The Price is Wrong
In this homework, you will implement a famous (but simple) game called the ?Monty Hall problem,? from
the television show Let’s Make a Deal. The game involves the following situation: the game host shows
the player three doors, numbered 1 through 3, and tells the player that behind only one of the doors lies a
great prize; the other two doors have goats behind them. The player picks one door, and in response the
host opens another door that he/she knows has a goat behind it. The host then asks the player if he/she
would like to switch to the other unopened door. After this decision, the player opens their door and claims
whatever lies behind it, be it goat or glorious prize.
1. A door is chosen in secret (1, 2, or 3) to be the ?winning? door. Implicitly, the other doors have goats.
2. The user is asked to choose a door (1, 2, or 3). You do not need to verify their choice.
3. Another door is chosen to reveal to the player. The chosen door must have a goat behind it, and
must not be the door that the player chose.
4. After revealing the door, the user is asked if they would like to switch to the only remaining other
door. Their response will be a ‘y’ or ‘n’, inputted as a char variable.
5. Reveal whether the user won the game or not by comparing their ?nal door choice to the secretly-chosen
(a) If the user loses, give them a sad message.
(b) If the user wins, randomly choose one of ?ve glorious prizes of your design. Randomly pick one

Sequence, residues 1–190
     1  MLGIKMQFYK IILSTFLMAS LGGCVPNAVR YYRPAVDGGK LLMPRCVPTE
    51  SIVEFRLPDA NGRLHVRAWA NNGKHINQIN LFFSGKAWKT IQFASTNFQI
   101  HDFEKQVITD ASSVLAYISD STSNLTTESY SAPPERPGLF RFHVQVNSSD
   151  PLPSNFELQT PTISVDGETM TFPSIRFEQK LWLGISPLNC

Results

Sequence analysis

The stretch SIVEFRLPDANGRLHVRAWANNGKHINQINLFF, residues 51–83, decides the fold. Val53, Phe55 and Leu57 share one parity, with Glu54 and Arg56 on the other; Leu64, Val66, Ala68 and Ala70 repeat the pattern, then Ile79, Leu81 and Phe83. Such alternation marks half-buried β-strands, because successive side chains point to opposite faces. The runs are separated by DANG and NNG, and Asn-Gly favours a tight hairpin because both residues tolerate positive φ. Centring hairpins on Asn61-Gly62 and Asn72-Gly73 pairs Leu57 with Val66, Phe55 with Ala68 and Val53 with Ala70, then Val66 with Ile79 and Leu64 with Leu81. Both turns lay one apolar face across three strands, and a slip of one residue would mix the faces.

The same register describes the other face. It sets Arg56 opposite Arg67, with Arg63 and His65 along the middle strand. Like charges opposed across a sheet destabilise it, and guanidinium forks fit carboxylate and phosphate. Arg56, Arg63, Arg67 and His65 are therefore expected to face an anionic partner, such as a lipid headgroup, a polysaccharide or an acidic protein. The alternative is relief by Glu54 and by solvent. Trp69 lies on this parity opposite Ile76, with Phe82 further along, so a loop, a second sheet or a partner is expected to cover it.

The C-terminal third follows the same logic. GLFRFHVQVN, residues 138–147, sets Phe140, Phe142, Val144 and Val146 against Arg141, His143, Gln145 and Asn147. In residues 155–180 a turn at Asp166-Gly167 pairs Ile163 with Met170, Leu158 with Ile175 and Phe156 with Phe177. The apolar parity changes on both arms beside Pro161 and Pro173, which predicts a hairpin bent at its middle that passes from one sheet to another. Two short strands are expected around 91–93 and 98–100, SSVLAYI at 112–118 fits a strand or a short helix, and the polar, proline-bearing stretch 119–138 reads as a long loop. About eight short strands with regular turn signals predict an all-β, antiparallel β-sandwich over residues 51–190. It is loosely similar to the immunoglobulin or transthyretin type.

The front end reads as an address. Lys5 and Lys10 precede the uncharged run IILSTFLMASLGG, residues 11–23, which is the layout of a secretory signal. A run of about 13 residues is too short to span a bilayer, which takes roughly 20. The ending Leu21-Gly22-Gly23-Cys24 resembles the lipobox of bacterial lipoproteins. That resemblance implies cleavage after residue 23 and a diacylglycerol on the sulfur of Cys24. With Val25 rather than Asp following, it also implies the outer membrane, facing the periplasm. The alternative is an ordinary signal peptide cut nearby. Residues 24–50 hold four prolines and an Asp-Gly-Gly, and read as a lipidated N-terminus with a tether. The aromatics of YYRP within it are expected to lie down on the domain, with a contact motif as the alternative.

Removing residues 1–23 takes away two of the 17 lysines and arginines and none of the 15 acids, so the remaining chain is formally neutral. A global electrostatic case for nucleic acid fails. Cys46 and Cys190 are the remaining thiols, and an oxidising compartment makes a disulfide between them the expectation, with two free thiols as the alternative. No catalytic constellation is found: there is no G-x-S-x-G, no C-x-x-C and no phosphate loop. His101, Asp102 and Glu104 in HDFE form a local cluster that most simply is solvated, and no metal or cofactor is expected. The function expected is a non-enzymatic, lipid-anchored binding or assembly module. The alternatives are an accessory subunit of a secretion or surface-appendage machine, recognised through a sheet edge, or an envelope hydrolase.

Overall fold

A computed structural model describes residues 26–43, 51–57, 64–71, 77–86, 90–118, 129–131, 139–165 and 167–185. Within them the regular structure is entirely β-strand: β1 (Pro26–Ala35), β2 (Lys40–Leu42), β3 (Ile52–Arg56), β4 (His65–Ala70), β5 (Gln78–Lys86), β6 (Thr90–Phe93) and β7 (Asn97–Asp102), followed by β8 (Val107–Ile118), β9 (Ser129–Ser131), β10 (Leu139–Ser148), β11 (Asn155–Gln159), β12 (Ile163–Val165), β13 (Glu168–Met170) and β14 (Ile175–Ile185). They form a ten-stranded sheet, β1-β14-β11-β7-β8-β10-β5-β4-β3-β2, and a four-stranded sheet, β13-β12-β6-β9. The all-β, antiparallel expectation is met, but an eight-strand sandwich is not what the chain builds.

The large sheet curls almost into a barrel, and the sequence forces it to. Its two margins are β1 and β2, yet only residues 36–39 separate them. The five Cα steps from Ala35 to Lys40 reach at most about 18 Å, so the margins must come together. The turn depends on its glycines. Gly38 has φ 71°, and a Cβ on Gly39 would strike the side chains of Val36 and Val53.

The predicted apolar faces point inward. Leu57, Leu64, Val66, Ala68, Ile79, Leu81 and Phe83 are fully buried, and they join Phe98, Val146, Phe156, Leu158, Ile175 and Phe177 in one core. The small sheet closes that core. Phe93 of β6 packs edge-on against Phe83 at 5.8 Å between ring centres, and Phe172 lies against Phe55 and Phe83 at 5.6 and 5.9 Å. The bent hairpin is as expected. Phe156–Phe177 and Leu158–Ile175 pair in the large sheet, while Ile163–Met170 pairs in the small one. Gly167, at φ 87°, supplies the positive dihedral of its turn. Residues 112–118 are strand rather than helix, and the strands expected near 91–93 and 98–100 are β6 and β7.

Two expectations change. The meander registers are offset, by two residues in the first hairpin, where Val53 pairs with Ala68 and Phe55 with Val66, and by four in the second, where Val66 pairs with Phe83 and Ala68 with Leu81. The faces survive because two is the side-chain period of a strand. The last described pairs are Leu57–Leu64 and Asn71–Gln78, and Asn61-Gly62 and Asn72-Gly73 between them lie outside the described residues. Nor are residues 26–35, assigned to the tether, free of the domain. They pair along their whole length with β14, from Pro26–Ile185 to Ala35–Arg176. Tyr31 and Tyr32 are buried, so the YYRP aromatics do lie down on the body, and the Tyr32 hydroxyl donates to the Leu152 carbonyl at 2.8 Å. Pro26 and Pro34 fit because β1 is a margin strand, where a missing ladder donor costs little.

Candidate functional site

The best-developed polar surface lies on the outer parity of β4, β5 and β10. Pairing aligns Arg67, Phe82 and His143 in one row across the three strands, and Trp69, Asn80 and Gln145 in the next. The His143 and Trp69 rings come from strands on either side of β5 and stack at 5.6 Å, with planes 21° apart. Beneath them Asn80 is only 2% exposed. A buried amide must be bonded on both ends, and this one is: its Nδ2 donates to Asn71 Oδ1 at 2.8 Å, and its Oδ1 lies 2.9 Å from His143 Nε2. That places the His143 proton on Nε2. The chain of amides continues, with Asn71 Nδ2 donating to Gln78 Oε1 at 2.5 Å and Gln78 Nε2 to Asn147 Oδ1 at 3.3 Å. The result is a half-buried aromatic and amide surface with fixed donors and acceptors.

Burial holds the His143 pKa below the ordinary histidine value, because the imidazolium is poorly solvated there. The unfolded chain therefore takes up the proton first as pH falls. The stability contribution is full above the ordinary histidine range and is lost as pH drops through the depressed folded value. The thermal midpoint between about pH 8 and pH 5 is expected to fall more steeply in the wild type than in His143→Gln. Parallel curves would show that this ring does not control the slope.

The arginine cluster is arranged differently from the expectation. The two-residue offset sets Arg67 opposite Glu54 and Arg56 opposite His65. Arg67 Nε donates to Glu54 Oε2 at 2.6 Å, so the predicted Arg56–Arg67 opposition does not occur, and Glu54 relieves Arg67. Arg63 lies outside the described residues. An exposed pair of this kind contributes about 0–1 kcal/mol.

of the ?ve prizes and output a description of the prize.
Your lab must follow these code requirements:
• I recommend not using string variables, since they don’t behave exactly the same as in Java and
we haven’t covered them yet. If you ignore this advice, at least make sure you #include <string.
• You must generate random numbers using the <random library’s default_random_engine class, as
shown in lecture. I don’t care if your friend says you should do it another way.
Turn in the following when the homework is due:
1. A printed copy of your code, printed from your IDE when possible. If you cannot print from
your editor, copy your code into Notepad or another program with a ?xed-width (monospace) font and
print from there.
2. A printout of your program’s output showing four di?erent runs through the program:
(a) a run where the user does not switch and wins;
(b) a run where the user switches and wins;
(c) a run where the user does not switch and loses;
(d) a run where the user switches and loses.